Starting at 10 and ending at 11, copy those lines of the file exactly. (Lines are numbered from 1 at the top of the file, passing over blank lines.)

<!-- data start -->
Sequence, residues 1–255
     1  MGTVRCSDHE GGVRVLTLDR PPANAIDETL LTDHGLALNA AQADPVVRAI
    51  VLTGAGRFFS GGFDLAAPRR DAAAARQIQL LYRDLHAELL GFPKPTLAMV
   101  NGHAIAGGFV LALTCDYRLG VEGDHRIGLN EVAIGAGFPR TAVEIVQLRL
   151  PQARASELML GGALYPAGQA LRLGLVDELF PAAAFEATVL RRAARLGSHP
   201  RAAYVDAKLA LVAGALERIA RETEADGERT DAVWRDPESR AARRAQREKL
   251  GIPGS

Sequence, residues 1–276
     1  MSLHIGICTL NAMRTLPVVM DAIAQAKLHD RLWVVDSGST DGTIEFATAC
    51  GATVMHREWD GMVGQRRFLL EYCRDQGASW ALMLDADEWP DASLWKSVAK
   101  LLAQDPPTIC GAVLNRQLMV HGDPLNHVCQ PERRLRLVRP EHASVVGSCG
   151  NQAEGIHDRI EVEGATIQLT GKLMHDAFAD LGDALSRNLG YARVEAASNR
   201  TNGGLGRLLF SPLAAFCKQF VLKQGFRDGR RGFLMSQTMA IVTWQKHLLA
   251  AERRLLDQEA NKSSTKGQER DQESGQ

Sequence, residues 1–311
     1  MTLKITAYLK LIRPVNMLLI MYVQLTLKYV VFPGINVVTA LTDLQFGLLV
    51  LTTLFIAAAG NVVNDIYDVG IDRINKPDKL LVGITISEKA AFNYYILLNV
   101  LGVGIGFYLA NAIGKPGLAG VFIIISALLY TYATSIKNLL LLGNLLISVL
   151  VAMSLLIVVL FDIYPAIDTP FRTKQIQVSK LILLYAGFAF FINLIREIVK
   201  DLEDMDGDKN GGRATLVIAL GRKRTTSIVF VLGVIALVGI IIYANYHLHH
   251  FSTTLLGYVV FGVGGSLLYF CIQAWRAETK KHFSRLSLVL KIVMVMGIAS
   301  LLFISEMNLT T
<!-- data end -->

    51  GATVMHREWD GMVGQRRFLL EYCRDQGASW ALMLDADEWP DASLWKSVAK
   101  LLAQDPPTIC GAVLNRQLMV HGDPLNHVCQ PERRLRLVRP EHASVVGSCG